As a Hawks fan I look forward to the Hawks destroying the Wings in the near future.
We will never see another dynasty like that again, post-expansion and especially under the cap, so you either have to adjust your definition of it in the post-cap era or invent a new word to define the teams which have met consistent and prolonged success despite "parity".

Besides, apparently by your definition and dismissal of the Islanders, Montreal is the only team to ever have a "dynasty".

Ironically, I totally agree with you -- many Hawks fans would consider the season a rousing success if Chicago beat Detroit in the regular season, but still failed to make the playoffs. Fortunately, Detroit's success is not measured by how well they do against the Hawks


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08-04-2008, 03:24 PM
  #46
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I bring this up as lucky because so many later players (Lafleur, Savard, Cournoyer, Lapointe, etc) have made statements to the effect of, "growing up, there was only one team ... I never even wanted to play for another team ... the Canadiens were the only team for kids in Quebec" ... etc.

Was the death of the Wanderers and the Maroons directly related to something the Canadiens did? Or did they stumble back-asswards into arguably the most beneficial youth support in history?
Going from memory here, but from what I understand, while both the Maroons and the Canadiens were in the league together there was already a division in support with the anglo/Maroons and franco/Canadiens connection. I believe the Maroons were started after (as Kyle McMahon mentioned) the Wanderers folded and a team was needed to continue the traditional anglo/franco split was even present during the Wanderers/Canadiens time.

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08-04-2008, 04:06 PM
  #47
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Originally Posted by RabbinsDuck View Post
The '50 mile radius' rule definitely was a lucky stroke for the Habs.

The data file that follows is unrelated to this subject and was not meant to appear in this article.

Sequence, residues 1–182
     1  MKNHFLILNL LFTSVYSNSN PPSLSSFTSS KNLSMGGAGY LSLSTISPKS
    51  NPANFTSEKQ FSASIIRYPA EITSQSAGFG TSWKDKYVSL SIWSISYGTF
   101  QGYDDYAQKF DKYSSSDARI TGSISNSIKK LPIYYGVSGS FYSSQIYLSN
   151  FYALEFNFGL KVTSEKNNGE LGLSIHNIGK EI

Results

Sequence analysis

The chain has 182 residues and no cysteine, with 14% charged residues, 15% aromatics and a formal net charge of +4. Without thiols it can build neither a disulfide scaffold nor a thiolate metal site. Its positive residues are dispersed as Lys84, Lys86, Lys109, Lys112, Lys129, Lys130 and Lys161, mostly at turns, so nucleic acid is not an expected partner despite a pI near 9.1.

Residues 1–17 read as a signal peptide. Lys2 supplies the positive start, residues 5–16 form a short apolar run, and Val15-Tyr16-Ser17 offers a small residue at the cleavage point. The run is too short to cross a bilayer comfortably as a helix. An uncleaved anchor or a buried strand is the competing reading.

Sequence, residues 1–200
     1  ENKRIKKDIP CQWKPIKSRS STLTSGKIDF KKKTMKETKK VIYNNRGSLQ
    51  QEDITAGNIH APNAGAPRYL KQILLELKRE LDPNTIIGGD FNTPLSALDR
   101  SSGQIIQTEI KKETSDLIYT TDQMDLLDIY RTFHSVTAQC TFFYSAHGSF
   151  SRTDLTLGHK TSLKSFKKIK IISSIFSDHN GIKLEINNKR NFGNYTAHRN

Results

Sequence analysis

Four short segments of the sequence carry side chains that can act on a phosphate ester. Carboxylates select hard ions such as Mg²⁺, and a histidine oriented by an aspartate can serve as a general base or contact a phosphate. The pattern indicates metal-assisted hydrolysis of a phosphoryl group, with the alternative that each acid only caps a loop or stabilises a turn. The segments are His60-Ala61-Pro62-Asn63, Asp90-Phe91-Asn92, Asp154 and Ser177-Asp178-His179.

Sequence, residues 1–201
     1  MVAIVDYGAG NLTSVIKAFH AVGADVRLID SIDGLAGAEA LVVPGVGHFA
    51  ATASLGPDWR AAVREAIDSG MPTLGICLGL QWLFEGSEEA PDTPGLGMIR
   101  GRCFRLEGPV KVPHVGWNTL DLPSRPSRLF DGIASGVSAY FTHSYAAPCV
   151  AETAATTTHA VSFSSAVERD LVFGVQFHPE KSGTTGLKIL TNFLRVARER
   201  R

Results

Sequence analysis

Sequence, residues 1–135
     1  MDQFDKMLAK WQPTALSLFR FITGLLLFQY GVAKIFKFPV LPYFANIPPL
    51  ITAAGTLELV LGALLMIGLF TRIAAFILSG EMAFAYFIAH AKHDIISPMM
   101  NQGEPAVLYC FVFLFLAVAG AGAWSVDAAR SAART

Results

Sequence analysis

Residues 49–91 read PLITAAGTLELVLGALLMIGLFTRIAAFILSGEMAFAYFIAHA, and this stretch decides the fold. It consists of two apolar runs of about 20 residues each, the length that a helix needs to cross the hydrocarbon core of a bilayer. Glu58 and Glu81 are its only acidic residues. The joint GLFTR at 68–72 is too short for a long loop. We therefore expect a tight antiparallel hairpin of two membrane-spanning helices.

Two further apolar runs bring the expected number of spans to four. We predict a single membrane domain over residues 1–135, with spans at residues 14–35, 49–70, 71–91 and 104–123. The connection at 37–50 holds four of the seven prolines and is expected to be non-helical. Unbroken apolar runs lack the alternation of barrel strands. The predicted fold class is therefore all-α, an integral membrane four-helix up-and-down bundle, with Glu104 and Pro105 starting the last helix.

Um, no.

Read this http://hfboards.com/showthread.php?t=488083

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08-04-2008, 04:13 PM
  #48
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I'm an Oiler fan through and through... but I think I may go with them.

Why?

1979:

Kevin Lowe - 21st OV, 1st round.
Mark Messier - 48th OV, 3rd round.
Glen Anderson: 69th OV, 4th round.

1980:

Paul Coffey - 6th OV, 1st round.
Jari Kurri - 69th OV, 4th round.
Andy Moog - 132nd OV, 7th round.

1981:

Grant Fuhr - 8th OV, 1st round.
Steve Smith - 111th OV, 6th round.

With the exception of Coffey and Fuhr, who still both ended up hitting their potential and then some, it's fair to say that every single one of those players beat the absolute piss out of their draft number. I know there was a story with Kurri, I think most teams thought he wasn't eligible until the next year, but you still have Lowe, Messier, Anderson, Moog and Smith beating the **** out of their draft #'s. A lot of bets in those 3 drafts worked out better than anyone could've imagined.

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08-04-2008, 04:30 PM
  #49
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Originally Posted by DoMakc View Post
That link does fly in the face of so many things I have read... consider this quote:

Quote:
As someone currently writing a book on the history of the draft, let me weigh in here for my $0.02 to simplify things.

Both Paul O and LITY are correct, here is a simplified version

Prior to the 1962-63 season, every NHL team had what was called a sponsorship list. This list consisted of players that
a) played in the NHL with the big club
b) played for the big club's minor league affiliate
c) played for the big club's sponsored OHL team (which Paul listed)
d) lived within a 50 mile radius of the club's home rink, and had received a letter from the club advising that they were on the list (this is the letter that Jean Beliveau had received that he rebuffed)

Any player who 15, and met the D requirement, could be sent a letter. The player could sign the letter and return it, or refuse it. If the player refused it, the team could give up on the player, or pursue it further.

In the case of someone like LITY, any team interested in his services, aould ask Montreal....are you still negotiating? Or is he free? If he was free, any team was free to send him a sponsorship letter, which he was free to sign.

If a player was not within the 50 mile limit, that player was free to field offers from any teams. Once that player agreed to a sponsorship level/contract, the NHL club could assign him to their sponsored junior squad.

As Paul O mentioned, this caused a lot of consternation because many people felt it limited a players movement, or that teams were signing players to their sponsorship list simply to prevent another team from signing them.

During the 1962-63 season, Clarence Campbell came up with an idea (very similar to today's draft) that beginning with the end of the 1963 season, any player who was 17 yrs of age, and not signed to a sponsorship agreement, was free to be drafted by any team (and then become 'sponsored')

At this point in time, Montreal was permitted to take UP TO two players of French-Canadian heritage before the draft started.
I am having trouble finding the real answer, and not just quotes from around the web...

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08-04-2008, 06:52 PM
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Cogliano13Gagner89
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I'd say Detroit and the Islanders